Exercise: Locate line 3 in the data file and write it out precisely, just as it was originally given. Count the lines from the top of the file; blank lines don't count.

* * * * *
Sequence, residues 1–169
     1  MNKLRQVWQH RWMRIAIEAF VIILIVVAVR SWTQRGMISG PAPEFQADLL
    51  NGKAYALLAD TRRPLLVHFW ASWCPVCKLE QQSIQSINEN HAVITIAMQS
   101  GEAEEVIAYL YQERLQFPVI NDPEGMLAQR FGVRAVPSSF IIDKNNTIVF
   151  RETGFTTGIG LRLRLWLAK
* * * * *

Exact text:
    51  NGKAYALLAD TRRPLLVHFW ASWCPVCKLE QQSIQSINEN HAVITIAMQS